** At least 61 buildings were torched.
** Over 144 vehicles were torched.
** 350 businesses were damaged
** And 113 police officers were injured.

To compare the looting that occurred in those cities with the Boston Tea Party and Revolutionary War is a false comparison.

2. McKesson Supports Cop Killers

McKesson has expressed support for a couple of cop killers:

Assata and Mumia refer to Assata Shakur and Mumia Abu-Jamal, both of whom have murdered cops in cold blood. McKesson has also written positively about Shakur, via FrontPageMag: (emphasis bolded)

By October, the protest community became both highly organized, as actual organizations began to form and solidify, and more thoughtful and conscious about the symbolism and intent of protest actions. Whether invoking Assata Shakur’s, "We have nothing to lose but our chains," or Dr. King’s, "Injustice anywhere is a threat to justice everywhere," the protest community actively began to shift to speak to larger narratives of social justice, while situating Ferguson as the site of resistance.

Shakur, previously known as Joanne Chesimard, was convicted for murdering a New Jersey state trooper in 1973, but fled to Cuba, where she currently resides. Abu-Jamal was sentenced to death for murdering a Philadelphia police officer in 1981.

3. Where McKesson Goes, Anti-Semitic Organizations Follow.

At protests organized by McKesson, two organizations typically come to join him: the Nation of Islam and New Black Panther party.

Both organizations showed up at McKesson's protest at McKinney, Tx., and the Nation of Islam was at the Baltimore protests. Here is a tweet from McKesson about the New Black Panther party at the Ferguson protests:

The Nation of Islam was run for many years by Louis Farrakhan, a virulent anti-Semitic, who still frequently speaks for them. The New Black Panther party has promoted violence against Jews and whites. And yet McKesson appears to have no problem with these organizations at his protests.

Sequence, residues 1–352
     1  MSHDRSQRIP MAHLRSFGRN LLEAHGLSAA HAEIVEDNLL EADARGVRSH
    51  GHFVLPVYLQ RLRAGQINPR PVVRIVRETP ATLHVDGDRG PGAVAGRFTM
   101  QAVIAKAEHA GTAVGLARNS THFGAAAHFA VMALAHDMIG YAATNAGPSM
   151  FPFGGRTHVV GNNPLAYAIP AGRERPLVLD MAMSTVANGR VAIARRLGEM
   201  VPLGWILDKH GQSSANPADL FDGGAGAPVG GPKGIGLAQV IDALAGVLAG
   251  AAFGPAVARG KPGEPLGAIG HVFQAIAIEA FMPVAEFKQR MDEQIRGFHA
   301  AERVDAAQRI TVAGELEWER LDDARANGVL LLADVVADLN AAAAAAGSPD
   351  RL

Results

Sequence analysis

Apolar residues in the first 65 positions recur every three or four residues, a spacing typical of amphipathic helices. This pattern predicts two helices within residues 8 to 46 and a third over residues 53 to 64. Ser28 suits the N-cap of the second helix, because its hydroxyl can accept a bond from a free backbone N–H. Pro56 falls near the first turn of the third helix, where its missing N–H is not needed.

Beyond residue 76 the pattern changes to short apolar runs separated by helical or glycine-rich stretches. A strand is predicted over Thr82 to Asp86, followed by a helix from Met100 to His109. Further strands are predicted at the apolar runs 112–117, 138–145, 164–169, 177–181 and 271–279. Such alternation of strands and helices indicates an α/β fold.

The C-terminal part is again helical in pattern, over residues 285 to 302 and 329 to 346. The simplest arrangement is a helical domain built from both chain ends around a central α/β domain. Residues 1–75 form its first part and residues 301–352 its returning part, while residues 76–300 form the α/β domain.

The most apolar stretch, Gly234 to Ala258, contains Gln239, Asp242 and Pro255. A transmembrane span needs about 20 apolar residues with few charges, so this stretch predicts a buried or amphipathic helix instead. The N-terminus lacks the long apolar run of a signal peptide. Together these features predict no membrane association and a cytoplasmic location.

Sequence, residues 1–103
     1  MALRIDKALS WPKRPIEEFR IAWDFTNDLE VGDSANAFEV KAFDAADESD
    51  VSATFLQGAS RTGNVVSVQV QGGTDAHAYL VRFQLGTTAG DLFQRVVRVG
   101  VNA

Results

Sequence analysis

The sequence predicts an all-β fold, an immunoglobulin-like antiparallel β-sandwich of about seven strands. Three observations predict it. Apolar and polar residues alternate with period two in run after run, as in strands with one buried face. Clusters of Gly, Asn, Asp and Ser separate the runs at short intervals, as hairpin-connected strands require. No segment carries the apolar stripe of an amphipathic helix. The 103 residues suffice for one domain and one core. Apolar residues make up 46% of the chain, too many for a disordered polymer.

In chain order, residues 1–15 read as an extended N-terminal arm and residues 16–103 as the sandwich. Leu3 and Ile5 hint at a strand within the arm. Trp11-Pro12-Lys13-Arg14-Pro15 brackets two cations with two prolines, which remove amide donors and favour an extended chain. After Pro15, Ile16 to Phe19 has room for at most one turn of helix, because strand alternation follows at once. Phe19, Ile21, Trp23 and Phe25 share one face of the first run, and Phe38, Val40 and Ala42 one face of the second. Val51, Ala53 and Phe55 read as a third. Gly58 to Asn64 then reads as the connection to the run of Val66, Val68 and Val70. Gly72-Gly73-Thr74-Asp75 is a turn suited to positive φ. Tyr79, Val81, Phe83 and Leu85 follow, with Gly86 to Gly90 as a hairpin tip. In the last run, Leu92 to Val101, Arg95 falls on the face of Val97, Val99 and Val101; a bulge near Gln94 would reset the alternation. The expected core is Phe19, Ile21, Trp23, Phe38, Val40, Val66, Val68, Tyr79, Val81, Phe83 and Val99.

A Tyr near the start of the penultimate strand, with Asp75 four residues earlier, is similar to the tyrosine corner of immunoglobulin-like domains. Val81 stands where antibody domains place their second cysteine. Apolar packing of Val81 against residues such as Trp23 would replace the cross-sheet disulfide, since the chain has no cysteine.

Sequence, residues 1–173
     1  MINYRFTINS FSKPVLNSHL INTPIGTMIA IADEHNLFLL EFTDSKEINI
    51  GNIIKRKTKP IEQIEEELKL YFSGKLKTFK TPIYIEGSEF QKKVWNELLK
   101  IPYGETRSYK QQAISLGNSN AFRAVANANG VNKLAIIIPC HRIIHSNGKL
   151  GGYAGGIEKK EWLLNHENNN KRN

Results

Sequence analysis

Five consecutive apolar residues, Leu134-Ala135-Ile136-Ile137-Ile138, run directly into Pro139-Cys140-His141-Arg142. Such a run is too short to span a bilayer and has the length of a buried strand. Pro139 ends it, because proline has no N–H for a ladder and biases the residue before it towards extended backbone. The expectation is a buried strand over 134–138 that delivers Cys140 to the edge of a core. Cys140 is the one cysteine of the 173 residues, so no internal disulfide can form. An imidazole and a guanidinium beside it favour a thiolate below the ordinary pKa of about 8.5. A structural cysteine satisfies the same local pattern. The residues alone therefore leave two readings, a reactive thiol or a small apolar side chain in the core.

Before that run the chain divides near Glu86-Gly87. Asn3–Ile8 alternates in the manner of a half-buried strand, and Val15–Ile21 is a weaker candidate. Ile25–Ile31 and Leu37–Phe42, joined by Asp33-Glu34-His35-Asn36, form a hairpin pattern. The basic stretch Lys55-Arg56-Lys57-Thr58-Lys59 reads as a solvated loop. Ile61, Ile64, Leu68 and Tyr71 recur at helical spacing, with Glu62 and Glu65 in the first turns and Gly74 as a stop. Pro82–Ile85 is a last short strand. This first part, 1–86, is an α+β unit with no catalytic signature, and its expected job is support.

"And the New Black Panther party is a critical factor in managing the crowd n #Ferguson. They have a legitimacy the police here simply don't."

DeRay McKesson

4. Mckesson Has Ties to George Soros

Soros is the puppet master of the Democrat Party; he wants to create chaos in the country while enriching himself in the process. Soros is the funder of many far-left organizations, including Media Matters and Center for American Progress.

The Gateway Pundit has detailed McKesson's numerous ties to Soros, including organizations such as Teach for America and Open Society Institute. The Daily Wire has previously reported on how Soros funded the Ferguson riots, as well as other important facts about him.

5. McKesson Stands With the Pantywaist Fascists

McKesson spoke glowingly of the pantywaist fascists at the University of Missouri in his NY Mag profile.

"The Mizzou students are the true embodiment of the Ferguson effect, people believing a better world is possible and fighting for it — there’s no better example than the students at Mizzou," McKesson told Browne.

McKesson stood in solidarity with Jonathan Butler, the Mizzou student who went on a hunger strike, via Breitbart:

McKesson apparently has no problem with Mizzou students creating so-called safe spaces where freedom of speech is not allowed and has no problem with a professor forcing a student journalist away from the protest.

And yet, Browne did not ask McKesson about any of the above issues.